The Gaza-Israel border fence was not designed, on its own, to withstand the kind of assault carried out by Hamas on October 7, when large contingents of terrorists attacked and burst through it in multiple locations and went on to massacre over 1,400 people in Israel.
This was made plain by the former CEO of the defense firm responsible for constructing and maintaining the barrier, in a 2018 interview.
“It would take about 30 seconds to cross,” Saar Koursh told Bloomberg in April 2018, at a time when Hamas was organizing mass “March of Return” riots at the border and vowing to galvanize 100,000 Gazans to storm the fence. Koursh stressed that the barrier “wasn’t built to stop riots” but rather “to give real-time indication if somebody is trying to cross the border.”
The IDF said at the time that it was bolstering border protection with tanks, drones, snipers and other crowd-dispersal techniques.
Magal Security Systems Ltd. was first contracted to construct a barrier between Israel and Gaza in 2002. The barrier was further fortified after 2005, following the complete withdrawal of Israel from the Gaza Strip, and subsequently upgraded multiple times.
Then Magal began the development of a new and improved “smart fence.” The project, dubbed the Iron Wall, took three and a half years to complete and was finished in December 2021. The project featured new sensors, radar and detection equipment, as well as a new underground wall and maritime barrier.
Upon its completion, then-defense minister Benny Gantz praised the project, saying at an opening ceremony for the new 40-mile (65-kilometer) barrier, that it “places an ‘iron wall,’ sensors and concrete between the terror organization [in Gaza] and the residents of Israel’s south.”
In the 2018 interview, Koursh, then the CEO of Magal, specified that the barrier could not withstand thousands of people attempting to trample it and burst into Israel. “It would take about 30 seconds to cross,” Koursh told Bloomberg. “This fence wasn’t built to stop riots like you see now. It was built to give real-time indication if somebody is trying to cross the border.”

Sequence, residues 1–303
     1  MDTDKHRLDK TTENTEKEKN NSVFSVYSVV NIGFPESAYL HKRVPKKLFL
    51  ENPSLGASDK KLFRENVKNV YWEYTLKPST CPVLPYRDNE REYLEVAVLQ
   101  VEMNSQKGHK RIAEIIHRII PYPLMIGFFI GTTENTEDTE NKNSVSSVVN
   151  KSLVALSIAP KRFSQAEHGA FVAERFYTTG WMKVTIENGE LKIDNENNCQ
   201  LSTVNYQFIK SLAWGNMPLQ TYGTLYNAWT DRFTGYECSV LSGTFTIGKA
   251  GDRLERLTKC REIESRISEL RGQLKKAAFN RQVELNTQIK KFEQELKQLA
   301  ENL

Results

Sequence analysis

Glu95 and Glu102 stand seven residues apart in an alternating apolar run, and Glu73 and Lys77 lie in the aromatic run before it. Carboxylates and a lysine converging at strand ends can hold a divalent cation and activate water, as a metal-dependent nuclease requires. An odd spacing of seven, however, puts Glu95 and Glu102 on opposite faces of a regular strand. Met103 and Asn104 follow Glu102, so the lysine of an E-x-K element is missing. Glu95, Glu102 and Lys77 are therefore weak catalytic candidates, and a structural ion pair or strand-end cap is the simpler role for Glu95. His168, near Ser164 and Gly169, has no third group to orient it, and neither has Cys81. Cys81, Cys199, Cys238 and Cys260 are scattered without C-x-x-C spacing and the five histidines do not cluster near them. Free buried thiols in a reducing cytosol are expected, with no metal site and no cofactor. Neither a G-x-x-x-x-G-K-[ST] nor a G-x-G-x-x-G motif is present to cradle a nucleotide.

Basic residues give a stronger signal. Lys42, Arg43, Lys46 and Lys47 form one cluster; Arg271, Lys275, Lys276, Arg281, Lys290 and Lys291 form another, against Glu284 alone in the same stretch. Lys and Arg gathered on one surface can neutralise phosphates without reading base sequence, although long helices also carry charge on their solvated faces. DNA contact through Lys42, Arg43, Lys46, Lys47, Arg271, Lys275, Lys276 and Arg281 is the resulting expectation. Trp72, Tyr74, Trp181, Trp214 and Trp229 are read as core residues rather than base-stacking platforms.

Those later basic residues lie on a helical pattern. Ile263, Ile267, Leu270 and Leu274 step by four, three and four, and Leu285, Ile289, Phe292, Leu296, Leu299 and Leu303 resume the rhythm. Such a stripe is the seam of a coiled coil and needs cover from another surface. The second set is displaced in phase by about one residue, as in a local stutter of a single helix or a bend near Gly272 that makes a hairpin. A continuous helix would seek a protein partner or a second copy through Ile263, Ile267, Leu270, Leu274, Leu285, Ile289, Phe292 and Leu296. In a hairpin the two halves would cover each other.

While the March of Return protests and riots died down by the end of 2019, demonstrations along the Gaza fence persisted sporadically.
Most recently, last month there were several incidents in which 200 or more Gaza residents rioted at various locations along the Gaza Strip border.
During one of the riots, a large explosive was detonated on the border fence. That was repeated dozens of times on the morning of October 7, as some 2,500 terrorists streamed through the breaches in the fence.
Koursh indicated in the interview that the barrier, and the technologies embedded into it, needed to be accompanied by the appropriate military measures and deployments to be effective. “When you combine several technologies all together with the military, then you have an effective barrier, a system in place that can deter, delay and detect,” he said. (Koursh could not be reached by The Times of Israel for this article.)
The massive attack at dawn on October 7 came under cover of a barrage of missiles aimed at Israeli civilian areas, and involved sniper fire, explosives dropped from drones on lookout and communication towers, and bulldozers that ripped through the six-meter (20-foot)-tall double fence barrier at an estimated 30 places. Terrorists swarmed through in pickup trucks and on motorcycles.
According to details reported on October 10 by The New York Times, citing initial assessments by four senior Israeli security officials, the operational failure began when an urgent alert early on the morning of October 7 by intelligence officials about a sudden surge of activity in Hamas communication networks wasn’t acted upon by border guards, who presumably didn’t get it or didn’t read it.
But the main failure was said to lie with overreliance on the remote-controlled border fence and improper defenses of it, which allowed drones controlled remotely by Hamas to bomb and disable communication towers, surveillance centers and remotely operated machine guns near the border, as well as disabling security cameras with sniper fire, instantly rendering the border defenseless.
Few soldiers were stationed near the border, both because forces had been diverted to the West Bank and because the reliance on the high-tech barrier led the military to believe troops didn’t have to physically guard the frontier in large numbers.
Additionally, according to the report, many commanders were clustered in a single army base near the border, preventing a coordinated response and passing of information to the rest of the army once the base was overrun by terrorists and the commanders were killed, wounded or abducted along with many lower-ranking soldiers, some of whom were targeted while sleeping in their barracks.
It took many hours until the military was able to connect the dots and take in the magnitude of the situation in the border towns, and send in forces to confront the terrorists.
At least 1,000 of the 1,400 slain by Hamas terrorists as they rampaged through the south were civilians, slaughtered in 22 communities and at an outdoor music festival. Some victims — including children — were mutilated, tortured, or raped. Thousands more were injured. At least 200 other people, of all ages, were abducted and taken to Gaza as captives. The attack came amid a barrage of 5,000 rockets fired at Israeli towns and cities.